Separate: The Story of ‘Plessy v. Ferguson,’ and America’s Journey from Slavery to Segregation

Steve Luxenberg. Norton, $35 (560p) ISBN 978-0-393-23937-9
The 1896 Supreme Court case Plessy v. Ferguson, which upheld the legality of “separate but equal” facilities for white and black Americans, is widely viewed as the beginning of the jim crow era in the South, but, as journalist Luxenberg convincingly argues, it was the result of decades of debate about race relations. The case of Homer Plessy, a New Orleanian “fair-skinned enough to cause confusion” about which car he should occupy on the state’s segregated trains, was actually a test case engineered by the city’s community of mixed-racial-heritage people, who saw their prestige and power slipping away as the nation moved toward a less nuanced conception of race. In lucid prose, Luxenberg lays out the history of racialized segregation in the North and South of the United States and offers vivid portraits of main actors in this civil rights struggle, from ex-slave abolitionist Frederick Douglass to judge John Marshall Harlan (raised in Kentucky, but a staunch supporter of the Union during the Civil War) and lawyer Albion Tourgee, whose Civil War military service awakened him to the “full awfulness” of slavery. Some readers may find this exhaustively researched account excessively wordy and too detailed, but Luxenberg provides a useful take on one of the Supreme Court’s most influential decisions. (Feb.)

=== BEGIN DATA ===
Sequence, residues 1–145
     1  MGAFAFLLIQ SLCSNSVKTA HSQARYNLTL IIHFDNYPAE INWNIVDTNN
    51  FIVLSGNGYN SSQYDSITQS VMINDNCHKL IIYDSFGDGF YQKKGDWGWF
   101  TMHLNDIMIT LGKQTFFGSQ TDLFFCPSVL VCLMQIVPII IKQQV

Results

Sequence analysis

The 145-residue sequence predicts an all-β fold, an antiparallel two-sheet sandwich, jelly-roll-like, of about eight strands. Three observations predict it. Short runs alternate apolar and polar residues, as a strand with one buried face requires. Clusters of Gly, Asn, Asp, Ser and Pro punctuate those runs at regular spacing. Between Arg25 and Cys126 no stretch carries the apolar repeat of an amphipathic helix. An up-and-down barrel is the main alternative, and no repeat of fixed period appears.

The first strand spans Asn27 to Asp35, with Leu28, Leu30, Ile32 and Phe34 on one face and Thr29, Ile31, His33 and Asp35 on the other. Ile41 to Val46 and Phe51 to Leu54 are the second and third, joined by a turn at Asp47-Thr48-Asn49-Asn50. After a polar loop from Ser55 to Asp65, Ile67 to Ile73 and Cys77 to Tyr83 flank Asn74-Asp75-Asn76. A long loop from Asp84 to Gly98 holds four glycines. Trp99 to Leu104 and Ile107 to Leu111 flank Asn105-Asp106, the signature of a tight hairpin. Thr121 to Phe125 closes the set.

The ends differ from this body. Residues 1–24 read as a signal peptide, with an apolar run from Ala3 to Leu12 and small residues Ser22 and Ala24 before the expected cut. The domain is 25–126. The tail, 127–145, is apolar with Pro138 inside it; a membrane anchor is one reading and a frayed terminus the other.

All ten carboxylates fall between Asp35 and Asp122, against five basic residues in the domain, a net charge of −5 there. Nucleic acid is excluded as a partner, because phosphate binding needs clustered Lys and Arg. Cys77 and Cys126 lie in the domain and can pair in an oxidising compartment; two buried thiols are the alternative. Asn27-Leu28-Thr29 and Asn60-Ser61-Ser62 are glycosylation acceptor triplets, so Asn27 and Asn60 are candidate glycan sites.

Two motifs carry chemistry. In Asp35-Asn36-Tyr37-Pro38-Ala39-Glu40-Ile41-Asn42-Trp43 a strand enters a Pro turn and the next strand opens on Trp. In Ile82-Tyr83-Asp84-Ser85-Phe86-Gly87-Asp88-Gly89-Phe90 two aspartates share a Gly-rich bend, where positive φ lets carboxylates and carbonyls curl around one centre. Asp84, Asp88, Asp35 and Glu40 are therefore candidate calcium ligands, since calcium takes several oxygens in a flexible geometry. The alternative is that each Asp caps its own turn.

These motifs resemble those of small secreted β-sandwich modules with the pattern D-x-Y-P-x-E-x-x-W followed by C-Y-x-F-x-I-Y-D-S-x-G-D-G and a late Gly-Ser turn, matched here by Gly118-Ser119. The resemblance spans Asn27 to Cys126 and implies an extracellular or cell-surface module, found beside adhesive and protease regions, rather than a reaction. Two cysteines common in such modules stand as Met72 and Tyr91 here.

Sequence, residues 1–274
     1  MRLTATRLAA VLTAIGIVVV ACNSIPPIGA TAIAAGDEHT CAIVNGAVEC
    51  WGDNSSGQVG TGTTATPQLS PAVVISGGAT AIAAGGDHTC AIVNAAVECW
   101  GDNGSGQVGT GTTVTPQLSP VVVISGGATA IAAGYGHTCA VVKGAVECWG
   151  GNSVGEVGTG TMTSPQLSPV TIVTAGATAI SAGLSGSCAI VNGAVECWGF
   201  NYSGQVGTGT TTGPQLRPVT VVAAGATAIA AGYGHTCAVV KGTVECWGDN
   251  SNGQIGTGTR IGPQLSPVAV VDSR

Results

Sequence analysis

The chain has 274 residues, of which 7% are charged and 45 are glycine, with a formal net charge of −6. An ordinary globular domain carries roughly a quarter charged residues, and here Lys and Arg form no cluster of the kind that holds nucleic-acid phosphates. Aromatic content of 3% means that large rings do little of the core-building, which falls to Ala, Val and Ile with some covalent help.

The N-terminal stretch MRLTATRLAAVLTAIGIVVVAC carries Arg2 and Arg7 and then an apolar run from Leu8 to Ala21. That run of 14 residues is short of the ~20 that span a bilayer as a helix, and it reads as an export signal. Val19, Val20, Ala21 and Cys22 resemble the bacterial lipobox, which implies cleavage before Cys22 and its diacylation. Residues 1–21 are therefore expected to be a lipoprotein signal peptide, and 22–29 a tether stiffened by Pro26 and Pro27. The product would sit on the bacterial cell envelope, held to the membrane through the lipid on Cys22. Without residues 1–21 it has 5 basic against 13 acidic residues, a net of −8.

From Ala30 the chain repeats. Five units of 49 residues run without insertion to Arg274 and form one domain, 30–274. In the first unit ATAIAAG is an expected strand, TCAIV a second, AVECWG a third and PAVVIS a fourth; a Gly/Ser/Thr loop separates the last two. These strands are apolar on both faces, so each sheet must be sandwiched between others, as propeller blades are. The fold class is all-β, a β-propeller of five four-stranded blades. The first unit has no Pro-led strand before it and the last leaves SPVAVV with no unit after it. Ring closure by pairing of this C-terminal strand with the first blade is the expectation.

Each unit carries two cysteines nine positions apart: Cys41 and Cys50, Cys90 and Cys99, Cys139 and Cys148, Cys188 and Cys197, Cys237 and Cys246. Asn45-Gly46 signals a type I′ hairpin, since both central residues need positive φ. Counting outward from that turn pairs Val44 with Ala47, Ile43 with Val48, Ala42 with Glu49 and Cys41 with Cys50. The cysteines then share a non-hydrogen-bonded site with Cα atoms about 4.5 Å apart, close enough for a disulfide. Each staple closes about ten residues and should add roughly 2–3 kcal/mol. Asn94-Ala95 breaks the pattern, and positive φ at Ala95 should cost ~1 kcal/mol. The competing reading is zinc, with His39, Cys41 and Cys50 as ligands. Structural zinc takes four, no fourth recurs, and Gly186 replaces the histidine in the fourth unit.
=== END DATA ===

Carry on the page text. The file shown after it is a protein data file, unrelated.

Reviewed on: 12/10/2018
Release date: 02/12/2019
Genre: Nonfiction
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